A November day in 2014 —a time in the light of another life

I have been thinking about time and found this picture in time passed. This was taken in a place called Baray, at a remote province in an ancient kingdom. It was an ordinary sunny day for a transient traveler. I did not know then I was to return and extend my stay because there was a long story to be written.

I chose this picture at random. When I look closer now I notice the immaculate hand carving on the piece of wood that held up the stairs, commemorating the timeless care and love for art of this people.

Unlike an outsider like me from a relatively developed city, the dust is of no consequence to them. I looked at the superficial cover of dust everywhere. But the artist looked at each piece of solid material (in this case, real wood) underneath the dust cover and decided to make a beauty out of it. I looked at the bicycles and wondered how anyone could bear to ride on them. The proud owners looked at them as valuable assets that enhanced their livelihood. I looked at the lean chicken and wondered they would be of any commercial value. The farmers told me that they didn’t normally eat the chicken as they were considered expensive dishes. They kept the chicken for their eggs and an important day in the future, or for a valued guest from a faraway land…

Yes, I will remember that November day in 2014 —a time in the light of another life, for a long time.

Praise, 2021-02-03

a traveling bird’s pausing and three poems

Pause

 

colorful island birdBe like the bird who, pausing in her flight awhile on boughs too slight, feels them give way beneath her, and yet sings, knowing she hath wings. Victor Hugo

The Oven Bird
By Robert Frost

There is a singer everyone has heard,
Loud, a mid-summer and a mid-wood bird,
Who makes the solid tree trunks sound again.
He says that leaves are old and that for flowers
Mid-summer is to spring as one to ten.
He says the early petal-fall is past
When pear and cherry bloom went down in showers
On sunny days a moment overcast;
And comes that other fall we name the fall.
He says the highway dust is over all.
The bird would cease and be as other birds
But that he knows in singing not to sing.
The question that he frames in all but words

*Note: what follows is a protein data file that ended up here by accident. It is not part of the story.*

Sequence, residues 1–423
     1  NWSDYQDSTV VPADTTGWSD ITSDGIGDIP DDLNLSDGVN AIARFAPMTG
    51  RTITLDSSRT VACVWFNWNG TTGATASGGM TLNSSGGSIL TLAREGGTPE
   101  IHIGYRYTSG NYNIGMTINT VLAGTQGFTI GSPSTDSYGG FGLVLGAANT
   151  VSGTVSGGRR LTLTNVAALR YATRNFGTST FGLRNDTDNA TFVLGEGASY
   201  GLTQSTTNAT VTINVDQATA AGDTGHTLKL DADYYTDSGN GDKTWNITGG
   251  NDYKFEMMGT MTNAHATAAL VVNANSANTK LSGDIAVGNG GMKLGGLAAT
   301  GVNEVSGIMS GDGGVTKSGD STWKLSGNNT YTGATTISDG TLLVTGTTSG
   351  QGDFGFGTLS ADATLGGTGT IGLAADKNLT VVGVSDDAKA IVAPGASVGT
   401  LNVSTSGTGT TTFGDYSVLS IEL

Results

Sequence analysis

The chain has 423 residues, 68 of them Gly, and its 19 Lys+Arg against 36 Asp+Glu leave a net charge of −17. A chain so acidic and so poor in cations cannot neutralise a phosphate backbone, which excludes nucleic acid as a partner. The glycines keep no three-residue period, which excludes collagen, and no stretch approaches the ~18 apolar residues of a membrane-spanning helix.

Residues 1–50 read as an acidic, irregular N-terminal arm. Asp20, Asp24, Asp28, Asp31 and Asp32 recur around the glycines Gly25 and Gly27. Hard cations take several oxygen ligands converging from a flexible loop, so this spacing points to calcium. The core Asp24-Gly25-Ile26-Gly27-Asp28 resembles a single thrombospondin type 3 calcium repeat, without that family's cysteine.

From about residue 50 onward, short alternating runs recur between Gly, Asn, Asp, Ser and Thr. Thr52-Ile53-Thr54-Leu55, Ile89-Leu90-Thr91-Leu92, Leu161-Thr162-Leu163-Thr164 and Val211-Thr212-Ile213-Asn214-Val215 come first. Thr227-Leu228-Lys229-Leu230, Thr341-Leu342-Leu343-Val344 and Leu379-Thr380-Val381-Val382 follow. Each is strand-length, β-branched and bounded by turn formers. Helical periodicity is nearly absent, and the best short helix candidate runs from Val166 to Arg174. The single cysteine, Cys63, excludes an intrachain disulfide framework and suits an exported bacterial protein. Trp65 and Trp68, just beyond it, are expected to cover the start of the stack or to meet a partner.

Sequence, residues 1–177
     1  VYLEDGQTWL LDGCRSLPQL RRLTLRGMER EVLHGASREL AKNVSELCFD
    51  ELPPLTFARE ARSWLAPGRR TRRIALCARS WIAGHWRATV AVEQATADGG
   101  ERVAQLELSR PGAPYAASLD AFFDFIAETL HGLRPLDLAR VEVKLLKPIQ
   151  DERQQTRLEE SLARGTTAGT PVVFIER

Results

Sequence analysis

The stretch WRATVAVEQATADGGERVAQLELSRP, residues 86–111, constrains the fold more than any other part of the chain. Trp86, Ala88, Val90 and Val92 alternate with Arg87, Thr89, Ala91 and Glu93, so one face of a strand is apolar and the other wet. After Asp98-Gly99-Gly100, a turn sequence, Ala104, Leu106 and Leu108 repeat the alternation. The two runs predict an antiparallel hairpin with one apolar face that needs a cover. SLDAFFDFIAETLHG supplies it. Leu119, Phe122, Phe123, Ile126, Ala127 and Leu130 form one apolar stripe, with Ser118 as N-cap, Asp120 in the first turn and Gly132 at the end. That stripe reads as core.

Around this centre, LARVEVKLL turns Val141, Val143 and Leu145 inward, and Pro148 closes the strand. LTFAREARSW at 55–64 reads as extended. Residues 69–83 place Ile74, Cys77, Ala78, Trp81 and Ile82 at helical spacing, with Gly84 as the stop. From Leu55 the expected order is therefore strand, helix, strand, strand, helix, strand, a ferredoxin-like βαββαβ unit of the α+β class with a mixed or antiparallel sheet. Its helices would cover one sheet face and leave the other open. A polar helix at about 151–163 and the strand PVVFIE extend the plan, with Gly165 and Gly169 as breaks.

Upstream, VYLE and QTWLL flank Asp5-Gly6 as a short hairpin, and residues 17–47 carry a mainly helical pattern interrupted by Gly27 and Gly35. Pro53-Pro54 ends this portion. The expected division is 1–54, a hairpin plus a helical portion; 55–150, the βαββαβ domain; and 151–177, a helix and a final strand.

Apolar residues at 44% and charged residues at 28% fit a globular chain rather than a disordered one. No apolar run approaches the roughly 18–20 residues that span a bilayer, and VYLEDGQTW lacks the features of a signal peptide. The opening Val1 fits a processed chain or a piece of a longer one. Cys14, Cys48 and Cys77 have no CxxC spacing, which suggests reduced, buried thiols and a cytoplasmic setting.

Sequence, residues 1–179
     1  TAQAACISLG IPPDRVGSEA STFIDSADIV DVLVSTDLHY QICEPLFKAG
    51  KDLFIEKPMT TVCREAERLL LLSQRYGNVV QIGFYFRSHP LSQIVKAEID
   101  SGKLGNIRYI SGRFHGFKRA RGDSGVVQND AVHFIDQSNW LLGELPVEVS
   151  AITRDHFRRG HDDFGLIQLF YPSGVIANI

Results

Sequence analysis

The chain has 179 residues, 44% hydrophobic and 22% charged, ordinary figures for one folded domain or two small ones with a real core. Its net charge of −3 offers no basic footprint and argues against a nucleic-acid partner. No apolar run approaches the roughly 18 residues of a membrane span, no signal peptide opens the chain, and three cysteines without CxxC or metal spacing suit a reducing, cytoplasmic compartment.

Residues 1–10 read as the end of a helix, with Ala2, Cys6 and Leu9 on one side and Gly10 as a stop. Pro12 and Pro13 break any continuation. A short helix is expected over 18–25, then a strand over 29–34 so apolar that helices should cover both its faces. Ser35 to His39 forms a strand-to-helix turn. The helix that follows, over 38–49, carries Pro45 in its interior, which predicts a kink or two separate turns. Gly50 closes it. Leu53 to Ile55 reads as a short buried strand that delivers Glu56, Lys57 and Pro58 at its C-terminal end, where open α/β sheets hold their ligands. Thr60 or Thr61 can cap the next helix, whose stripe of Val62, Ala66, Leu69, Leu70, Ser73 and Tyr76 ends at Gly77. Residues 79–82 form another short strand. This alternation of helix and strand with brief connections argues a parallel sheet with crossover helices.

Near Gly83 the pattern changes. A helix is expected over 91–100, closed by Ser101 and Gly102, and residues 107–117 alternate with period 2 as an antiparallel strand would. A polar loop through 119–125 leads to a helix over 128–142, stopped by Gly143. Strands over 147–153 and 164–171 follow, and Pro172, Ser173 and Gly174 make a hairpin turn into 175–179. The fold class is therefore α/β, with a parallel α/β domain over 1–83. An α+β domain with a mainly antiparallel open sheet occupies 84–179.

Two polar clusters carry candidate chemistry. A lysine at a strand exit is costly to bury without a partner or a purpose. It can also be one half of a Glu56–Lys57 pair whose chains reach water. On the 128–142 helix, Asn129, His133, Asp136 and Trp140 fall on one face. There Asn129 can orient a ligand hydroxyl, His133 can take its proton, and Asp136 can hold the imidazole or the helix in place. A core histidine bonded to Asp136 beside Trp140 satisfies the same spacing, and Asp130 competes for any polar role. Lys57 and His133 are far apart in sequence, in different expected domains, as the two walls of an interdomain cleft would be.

Is what to make of a diminished thing.

Birds of Passage
by Henry Wadsworth Longfellow

Black shadows fall
From the lindens tall,
That lift aloft their massive wall
Against the southern sky;

And from the realms
Of the shadowy elms
A tide-like darkness overwhelms
The fields that round us lie.

But the night is fair,
And everywhere
A warm, soft vapor fills the air,
And distant sounds seem near,

And above, in the light
Of the star-lit night,
Swift birds of passage wing their flight
Through the dewy atmosphere.

I hear the beat
Of their pinions fleet,
As from the land of snow and sleet
They seek a southern lea.

I hear the cry
Of their voices high
Falling dreamily through the sky,
But their forms I cannot see.

O, say not so!
Those sounds that flow
In murmurs of delight and woe
Come not from wings of birds.

They are the throngs
Of the poet’s songs,
Murmurs of pleasures, and pains, and wrongs,
The sound of winged words.

This is the cry
Of souls, that high
On toiling, beating pinions, fly,
Seeking a warmer clime,

From their distant flight
Through realms of light
It falls into our world of night,
With the murmuring sound of rhyme.

~~~~~~~~~~~~~~~~~~~~I decided to post three poems from three poets/writers. The picture is taken from my random coloring on a cluster of stuff, mainly one-dimensioned buildings. Why the poems on birds? Well, if you look closely you can find him perching alone somewhere in the picture. The rests are unseen perhaps, flying overhead at night just as the poet said, with their wings singing the murmuring sound of rhyme.